The IXO/XMS instrument baseline is an array of TES sensors. Alternatively, we are now developing a μ-
calorimeter array based on Silicon doped sensors. Our strength stands in a very low power consumption at 50
mK, allowing more than 4000 readout channels in the limited power budget of the IXO/XMS cryostat, for a
Field of View as large as 6'x6' square while keeping the same spectral resolution. In parallel, we develop the
cold (2-4K) frontend electronics based on High Electron Mobility Transistors (GaAlAs/GaAs) and SiGe ASIC
electronics to readout, amplify and multiplex the signals. We present the status of our development and our
current design study.
Several successful development programs have been conducted on Infra-Red bolometer arrays at the French
Atomic Energy Commission (CEA-LETI Grenoble), in collaboration with the CEA-Sap (Saclay); taking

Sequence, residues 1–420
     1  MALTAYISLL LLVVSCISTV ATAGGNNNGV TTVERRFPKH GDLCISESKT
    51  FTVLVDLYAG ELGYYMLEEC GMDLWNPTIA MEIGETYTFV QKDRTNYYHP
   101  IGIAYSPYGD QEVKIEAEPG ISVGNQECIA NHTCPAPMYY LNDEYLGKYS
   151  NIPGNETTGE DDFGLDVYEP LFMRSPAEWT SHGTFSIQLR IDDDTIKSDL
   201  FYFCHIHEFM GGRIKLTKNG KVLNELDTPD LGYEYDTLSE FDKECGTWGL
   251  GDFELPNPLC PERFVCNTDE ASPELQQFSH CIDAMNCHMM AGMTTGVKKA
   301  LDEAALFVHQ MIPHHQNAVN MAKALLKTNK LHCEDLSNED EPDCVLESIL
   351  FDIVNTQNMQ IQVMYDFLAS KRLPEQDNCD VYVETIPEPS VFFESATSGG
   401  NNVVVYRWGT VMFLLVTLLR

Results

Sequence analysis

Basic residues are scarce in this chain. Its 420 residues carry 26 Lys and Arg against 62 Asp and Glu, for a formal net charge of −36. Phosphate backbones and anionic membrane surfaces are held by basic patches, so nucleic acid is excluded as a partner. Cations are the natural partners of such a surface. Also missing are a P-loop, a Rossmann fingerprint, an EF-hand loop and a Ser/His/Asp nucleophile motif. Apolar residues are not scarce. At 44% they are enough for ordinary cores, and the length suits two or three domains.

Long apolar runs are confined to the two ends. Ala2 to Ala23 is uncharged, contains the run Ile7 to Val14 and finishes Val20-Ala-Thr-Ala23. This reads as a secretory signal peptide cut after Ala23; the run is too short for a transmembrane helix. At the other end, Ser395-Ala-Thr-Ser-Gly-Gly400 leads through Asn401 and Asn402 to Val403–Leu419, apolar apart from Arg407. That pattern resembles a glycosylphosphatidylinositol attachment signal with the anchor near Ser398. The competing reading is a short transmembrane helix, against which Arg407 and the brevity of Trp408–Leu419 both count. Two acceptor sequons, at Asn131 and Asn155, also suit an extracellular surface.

advantage of this background, we are now developing an X-ray spectro-imaging camera for next generation
space astronomy missions, using silicon technology. We have developed monolithic silicon micro-calorimeters
based on implanted thermistors. These micro-calorimeter arrays will be used for future space missions. A 8×8
array prototype consisting of a grid of 64 suspended pixels on SOI (Silicon On Insulator) has been created. Each
pixel of this array detector is made of a tantalum (Ta) absorber and is bonded, by means of an indium bump
hybridization process, to a silicon thermistor. The absorber array is bound to the thermistor array in a collective
process step. The fabrication process of our detector involves a combination of standard silicon technologies
such as Si bulk micromachining techniques, based on deposition, photolithography and plasma etching steps.
Finally, we present the results of measurements performed on the different building elements and processes that
are required to create a detector array up to 32*32 pixels in size.